Unlike computers, however, Mentats were not only human calculators, since in addition to immense mathematical skills, Mentats also possessed the exceptional cognitive abilities of memory and perception, which were the foundations for supralogical hypothesizing, strategizing, and tacticizing (skills in which the Mentats surpassed even those of the pre-Butlerian Jihad Thinking Machines). Thus, Mentats were able to gather large amounts of data and devise concise analyses in a process that went far beyond logical deduction: Mentats cultivate "the naïve mind", a supralogical mind without preconception or prejudice, one that can extract the essential patterns or logic of data and deliver, with varying degrees of certainty, useful conclusions. Indeed, the hypothesizing, strategizing, and tacticizing of highly skilled Mentats (like the first Duncan Idaho ghola, or Miles Teg), when provided with sufficient data, allowed for the deduction of probable future outcomes, akin to prescience (though with somewhat less clarity). Indeed, this ability saw many military commanders and political leaders (such as Paul Atreides, the Duncan Idaho gholas, and Miles Teg) undergo some form of Mentat training. Thufir Hawat was one of the few individuals whose innate Mentat abilities were immense enough for him to be an exclusive adviser to House Atreides, with even the Padishah Emperor Shaddam Corrino IV fearing Thufir's Mentat capabilities.
The ability to become a Mentat was a talent limited to a small number of people; thus, those with the discipline were prized in whatever role they choose. There are also varying degrees of ability. Moreover, a Mentat's capabilities can be greatly increased by taking sapho juice, but using it leads to addiction. Sapho is extracted from the root of the Ecaz tree and its use doubles or even triples the Mentat's immense processing power. However, repeated use turns the user's lips a shade of red.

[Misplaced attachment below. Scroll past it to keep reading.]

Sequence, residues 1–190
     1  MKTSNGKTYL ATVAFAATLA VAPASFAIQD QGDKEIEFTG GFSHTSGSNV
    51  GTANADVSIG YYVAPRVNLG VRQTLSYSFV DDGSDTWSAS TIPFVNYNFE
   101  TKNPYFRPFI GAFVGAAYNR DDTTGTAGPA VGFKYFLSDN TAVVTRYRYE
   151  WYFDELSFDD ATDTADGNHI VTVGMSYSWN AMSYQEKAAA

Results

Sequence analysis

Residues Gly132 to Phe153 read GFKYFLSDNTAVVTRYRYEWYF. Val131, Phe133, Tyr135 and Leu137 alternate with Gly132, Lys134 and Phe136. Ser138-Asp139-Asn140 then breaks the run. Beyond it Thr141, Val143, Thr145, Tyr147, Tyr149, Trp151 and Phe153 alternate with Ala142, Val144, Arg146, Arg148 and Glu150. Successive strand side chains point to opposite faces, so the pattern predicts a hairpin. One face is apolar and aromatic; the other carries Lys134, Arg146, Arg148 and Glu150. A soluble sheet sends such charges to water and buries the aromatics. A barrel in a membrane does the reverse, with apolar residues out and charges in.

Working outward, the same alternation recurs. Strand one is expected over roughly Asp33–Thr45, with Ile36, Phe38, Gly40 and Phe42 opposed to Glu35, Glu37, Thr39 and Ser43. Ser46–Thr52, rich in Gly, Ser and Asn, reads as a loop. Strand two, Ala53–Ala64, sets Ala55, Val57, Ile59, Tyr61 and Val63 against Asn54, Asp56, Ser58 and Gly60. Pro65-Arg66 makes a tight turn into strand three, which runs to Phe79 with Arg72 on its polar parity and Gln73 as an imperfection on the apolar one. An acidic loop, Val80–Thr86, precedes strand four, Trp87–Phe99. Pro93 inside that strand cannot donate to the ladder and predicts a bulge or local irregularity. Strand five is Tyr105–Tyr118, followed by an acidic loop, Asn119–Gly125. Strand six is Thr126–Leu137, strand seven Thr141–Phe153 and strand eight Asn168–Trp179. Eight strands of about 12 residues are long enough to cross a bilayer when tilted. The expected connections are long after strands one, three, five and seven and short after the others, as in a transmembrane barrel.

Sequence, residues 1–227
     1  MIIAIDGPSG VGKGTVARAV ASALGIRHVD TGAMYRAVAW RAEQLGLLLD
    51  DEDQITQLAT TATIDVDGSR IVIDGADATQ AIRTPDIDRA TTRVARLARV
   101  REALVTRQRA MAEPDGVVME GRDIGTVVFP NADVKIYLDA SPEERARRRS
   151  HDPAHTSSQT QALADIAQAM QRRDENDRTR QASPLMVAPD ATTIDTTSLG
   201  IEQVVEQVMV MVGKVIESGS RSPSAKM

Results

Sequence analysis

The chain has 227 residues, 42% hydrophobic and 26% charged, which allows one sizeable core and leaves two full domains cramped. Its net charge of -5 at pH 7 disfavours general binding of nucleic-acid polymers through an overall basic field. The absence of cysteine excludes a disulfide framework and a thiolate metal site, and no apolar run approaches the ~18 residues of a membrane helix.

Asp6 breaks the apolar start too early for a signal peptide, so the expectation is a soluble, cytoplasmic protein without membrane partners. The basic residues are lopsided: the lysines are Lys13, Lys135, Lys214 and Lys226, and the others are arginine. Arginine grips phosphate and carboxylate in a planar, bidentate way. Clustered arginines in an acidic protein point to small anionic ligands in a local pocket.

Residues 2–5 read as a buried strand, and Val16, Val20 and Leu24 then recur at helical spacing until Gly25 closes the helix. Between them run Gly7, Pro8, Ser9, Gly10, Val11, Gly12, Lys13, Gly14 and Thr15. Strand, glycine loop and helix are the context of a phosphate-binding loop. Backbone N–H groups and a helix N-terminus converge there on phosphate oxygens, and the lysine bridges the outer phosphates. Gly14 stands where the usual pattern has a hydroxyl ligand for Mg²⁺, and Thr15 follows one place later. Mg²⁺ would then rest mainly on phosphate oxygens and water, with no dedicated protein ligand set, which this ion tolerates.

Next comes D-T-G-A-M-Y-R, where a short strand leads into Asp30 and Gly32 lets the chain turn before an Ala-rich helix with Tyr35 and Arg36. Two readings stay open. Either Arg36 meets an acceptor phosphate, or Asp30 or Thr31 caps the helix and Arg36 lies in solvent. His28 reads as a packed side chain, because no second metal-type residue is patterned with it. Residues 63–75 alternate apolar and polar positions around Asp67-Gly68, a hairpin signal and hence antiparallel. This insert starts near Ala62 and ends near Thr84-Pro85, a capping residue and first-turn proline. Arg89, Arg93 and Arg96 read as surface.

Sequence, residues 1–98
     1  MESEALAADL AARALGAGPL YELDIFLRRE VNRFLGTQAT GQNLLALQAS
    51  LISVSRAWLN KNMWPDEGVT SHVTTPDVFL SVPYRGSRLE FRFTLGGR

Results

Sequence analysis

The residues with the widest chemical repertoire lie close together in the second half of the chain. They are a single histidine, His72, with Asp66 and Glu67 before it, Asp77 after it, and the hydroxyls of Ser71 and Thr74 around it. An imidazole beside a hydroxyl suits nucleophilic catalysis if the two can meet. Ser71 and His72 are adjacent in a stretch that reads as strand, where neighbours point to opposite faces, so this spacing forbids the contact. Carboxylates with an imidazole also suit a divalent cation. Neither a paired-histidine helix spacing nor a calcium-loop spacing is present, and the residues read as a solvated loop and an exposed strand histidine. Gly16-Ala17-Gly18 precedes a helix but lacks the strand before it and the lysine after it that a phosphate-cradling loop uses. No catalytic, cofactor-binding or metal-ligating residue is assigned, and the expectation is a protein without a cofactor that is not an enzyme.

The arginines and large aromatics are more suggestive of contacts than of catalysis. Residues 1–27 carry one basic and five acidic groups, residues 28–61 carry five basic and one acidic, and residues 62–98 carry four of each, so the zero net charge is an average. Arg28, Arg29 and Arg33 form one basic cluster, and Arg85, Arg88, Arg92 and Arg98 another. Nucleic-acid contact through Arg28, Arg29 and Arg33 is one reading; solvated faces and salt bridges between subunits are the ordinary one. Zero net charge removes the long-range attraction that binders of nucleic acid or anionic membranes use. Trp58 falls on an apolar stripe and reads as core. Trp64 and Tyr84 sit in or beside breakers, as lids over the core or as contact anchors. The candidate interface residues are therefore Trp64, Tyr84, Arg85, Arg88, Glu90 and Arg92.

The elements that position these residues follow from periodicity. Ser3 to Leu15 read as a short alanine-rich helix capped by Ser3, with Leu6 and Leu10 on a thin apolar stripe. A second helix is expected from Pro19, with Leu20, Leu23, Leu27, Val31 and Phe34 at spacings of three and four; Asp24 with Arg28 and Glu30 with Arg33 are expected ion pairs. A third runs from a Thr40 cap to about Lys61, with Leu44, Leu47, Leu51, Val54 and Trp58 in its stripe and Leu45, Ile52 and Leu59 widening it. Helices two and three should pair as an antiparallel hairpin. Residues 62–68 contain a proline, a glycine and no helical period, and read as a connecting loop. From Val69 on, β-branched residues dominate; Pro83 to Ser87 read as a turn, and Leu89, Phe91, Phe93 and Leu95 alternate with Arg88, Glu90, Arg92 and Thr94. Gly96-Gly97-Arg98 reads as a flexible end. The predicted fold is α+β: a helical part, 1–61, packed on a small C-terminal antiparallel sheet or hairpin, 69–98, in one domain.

Twisted Mentats[edit | edit source]
Mentats were required to operate within an ethical framework, which for some purposes was not desired. Thus, the Bene Tleilax were known to condition some Mentats to be 'twisted'. These Twisted Mentat individuals, such as Piter de Vries, were able to supralogically hypothese, strategize, and tacticize trends free of any ethical restraints or limitations.
The Mentat Mantra (From David Lynch's movie, and a game made by Westwood)[edit | edit source]
"It is by will alone I set my mind in motion. It is by the juice of Sapho that thoughts acquire speed, the lips acquire stains, the stains become a warning. It is by will alone I set my mind in motion."
Known Mentats[edit | edit source]
Exclusive Mentat Advisors[edit | edit source]
Lesser-trained Mentats[edit | edit source]
- Paul Atreides, Mentat Duke of House Atreides, later Kwisatz Haderach and Emperor
- Miles Teg, Mentat Bene Gesserit Bashar
- Duncan Idaho gholas
- Tertius Eileen Anteac, Mentat Bene Gesserit Reverend Mother
- Bellonda, Mentat Bene Gesserit Reverend Mother
Images[edit | edit source]
Behind the scenes[edit | edit source]
The exact origin of the Mentat's order is outlined in Frank Herbert's Chapterhouse: Dune novel and it is attributed to Gilbertus Albans. In the Legends of Dune novels by Brian Herbert and Kevin J. Anderson Albans was trained by the thinking machine, Erasmus.